The emergency management of ventricular assist devices

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Heart failure is a common condition in the United States. When medical therapy fails, ventricular device (LVAD) therapy may be required. With increasing use of LVADs, emergency physicians should understand how to manage problems that may arise with these devices.


The objective of this review is to familiarize physicians with LVAD components and LVAD physiology, and discuss the evaluation and management of LVAD complications.


The LVAD contains numerous components, but the most important include the pump, inflow and outflow cannulas, and driveline. Initial assessment of perfusion is vital, as hemodynamic instability may be due to decreased preload, increased afterload, mechanical failure, dysrhythmias, infection, or bleeding. Assessment of hemodynamic status is required, and utilization of Doppler for measurement of mean arterial pressure is warranted. This review provides recommendations for the evaluation and management of the LVAD patient in heart failure, the unstable patient with decreased preload, the unstable patient with increased afterload, thrombosis of the LVAD, mechanical failure, dysrhythmias and cardiac arrest, infections and sepsis, right ventricular failure, aortic insufficiency, and bleeding. Patients with LVAD require consultation with the LVAD coordinator and cardiothoracic surgeon. By understanding these aspects, physicians can provide optimal management for these complicated patients.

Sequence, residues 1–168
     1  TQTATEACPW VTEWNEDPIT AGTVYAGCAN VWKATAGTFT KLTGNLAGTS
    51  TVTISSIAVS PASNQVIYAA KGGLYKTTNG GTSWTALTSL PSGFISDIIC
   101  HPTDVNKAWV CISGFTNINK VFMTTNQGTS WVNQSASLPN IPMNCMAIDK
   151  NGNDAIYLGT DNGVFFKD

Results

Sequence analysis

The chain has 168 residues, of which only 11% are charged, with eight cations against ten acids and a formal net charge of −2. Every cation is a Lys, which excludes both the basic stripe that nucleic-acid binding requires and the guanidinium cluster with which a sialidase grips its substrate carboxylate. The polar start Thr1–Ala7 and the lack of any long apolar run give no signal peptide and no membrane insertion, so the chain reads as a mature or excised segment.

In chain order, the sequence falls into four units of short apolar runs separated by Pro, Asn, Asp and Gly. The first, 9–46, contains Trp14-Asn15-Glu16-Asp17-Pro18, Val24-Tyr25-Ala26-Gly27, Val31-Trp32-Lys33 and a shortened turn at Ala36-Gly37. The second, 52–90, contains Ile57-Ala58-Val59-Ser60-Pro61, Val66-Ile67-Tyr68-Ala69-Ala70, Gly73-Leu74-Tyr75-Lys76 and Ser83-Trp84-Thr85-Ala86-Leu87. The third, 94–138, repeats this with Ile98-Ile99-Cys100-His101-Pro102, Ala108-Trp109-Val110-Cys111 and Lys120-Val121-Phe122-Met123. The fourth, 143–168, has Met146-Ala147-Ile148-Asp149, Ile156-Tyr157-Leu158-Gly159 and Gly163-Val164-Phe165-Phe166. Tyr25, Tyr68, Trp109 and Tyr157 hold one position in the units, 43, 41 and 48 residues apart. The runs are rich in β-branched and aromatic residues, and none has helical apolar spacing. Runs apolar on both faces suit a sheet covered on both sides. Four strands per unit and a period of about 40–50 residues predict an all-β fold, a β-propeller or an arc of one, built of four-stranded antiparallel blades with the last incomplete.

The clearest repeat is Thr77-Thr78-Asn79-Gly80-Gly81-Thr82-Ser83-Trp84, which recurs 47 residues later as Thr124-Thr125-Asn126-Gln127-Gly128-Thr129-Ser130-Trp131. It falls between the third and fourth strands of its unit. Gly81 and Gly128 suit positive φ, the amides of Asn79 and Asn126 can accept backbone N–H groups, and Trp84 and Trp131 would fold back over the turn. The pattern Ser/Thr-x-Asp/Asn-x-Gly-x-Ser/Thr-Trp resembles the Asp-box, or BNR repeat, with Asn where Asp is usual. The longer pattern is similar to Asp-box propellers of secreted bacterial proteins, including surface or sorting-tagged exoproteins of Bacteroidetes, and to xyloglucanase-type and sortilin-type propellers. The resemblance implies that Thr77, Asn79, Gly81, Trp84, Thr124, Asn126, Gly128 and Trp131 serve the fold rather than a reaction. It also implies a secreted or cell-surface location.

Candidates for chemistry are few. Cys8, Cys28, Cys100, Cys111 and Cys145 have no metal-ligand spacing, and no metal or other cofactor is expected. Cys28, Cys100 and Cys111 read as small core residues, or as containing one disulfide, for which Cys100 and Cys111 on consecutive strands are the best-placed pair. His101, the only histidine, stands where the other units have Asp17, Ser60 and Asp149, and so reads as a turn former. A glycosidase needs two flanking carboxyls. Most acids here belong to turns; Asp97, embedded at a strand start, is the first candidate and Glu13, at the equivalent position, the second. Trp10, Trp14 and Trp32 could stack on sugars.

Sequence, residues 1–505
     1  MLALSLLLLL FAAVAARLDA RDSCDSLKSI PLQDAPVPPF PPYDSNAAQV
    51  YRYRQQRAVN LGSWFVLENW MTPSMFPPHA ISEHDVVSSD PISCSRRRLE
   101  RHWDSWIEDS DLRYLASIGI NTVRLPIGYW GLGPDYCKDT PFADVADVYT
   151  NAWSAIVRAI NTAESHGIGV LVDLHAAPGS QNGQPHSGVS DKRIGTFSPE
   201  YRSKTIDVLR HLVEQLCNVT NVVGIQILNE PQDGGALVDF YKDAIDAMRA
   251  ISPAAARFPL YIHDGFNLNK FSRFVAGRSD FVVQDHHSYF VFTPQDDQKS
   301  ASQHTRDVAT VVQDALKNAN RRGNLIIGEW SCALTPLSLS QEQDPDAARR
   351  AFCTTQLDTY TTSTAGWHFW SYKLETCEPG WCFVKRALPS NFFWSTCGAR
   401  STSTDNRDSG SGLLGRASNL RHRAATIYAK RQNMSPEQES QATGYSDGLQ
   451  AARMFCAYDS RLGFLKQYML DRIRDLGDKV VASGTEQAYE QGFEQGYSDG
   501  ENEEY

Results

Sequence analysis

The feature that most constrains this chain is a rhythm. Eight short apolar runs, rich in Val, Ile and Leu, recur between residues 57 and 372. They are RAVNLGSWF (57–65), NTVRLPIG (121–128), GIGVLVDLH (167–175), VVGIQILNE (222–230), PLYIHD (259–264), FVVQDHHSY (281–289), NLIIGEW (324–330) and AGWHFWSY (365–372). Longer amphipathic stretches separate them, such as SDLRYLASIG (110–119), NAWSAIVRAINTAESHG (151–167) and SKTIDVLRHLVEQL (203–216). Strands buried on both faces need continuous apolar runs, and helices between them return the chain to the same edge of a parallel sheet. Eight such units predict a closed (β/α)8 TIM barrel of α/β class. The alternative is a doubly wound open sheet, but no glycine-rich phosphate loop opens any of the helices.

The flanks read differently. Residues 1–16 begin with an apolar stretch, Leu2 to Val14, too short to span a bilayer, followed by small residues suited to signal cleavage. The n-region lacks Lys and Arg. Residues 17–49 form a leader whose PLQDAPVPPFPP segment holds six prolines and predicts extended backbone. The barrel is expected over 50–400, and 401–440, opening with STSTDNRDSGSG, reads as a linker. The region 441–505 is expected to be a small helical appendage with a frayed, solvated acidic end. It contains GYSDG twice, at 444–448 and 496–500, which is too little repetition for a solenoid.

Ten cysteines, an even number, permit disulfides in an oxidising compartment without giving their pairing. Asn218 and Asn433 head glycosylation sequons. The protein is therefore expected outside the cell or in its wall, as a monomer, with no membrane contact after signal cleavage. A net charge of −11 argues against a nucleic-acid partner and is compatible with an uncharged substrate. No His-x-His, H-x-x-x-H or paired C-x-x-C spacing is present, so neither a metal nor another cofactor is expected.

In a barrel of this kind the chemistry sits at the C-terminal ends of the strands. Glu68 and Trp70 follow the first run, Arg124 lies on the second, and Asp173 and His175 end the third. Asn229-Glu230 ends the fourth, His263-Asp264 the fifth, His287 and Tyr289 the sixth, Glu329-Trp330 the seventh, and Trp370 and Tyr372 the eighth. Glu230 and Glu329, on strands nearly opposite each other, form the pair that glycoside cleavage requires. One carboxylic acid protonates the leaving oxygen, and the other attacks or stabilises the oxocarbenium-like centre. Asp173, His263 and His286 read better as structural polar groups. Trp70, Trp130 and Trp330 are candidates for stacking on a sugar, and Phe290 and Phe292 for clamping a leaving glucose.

With an increasing number of LVADs, emergency physicians should expect to see patients with complications directly or indirectly related to LVADs. This review provides physicians with an extensive review of LVAD physiology and the evaluation and management of potential complications related to the device.

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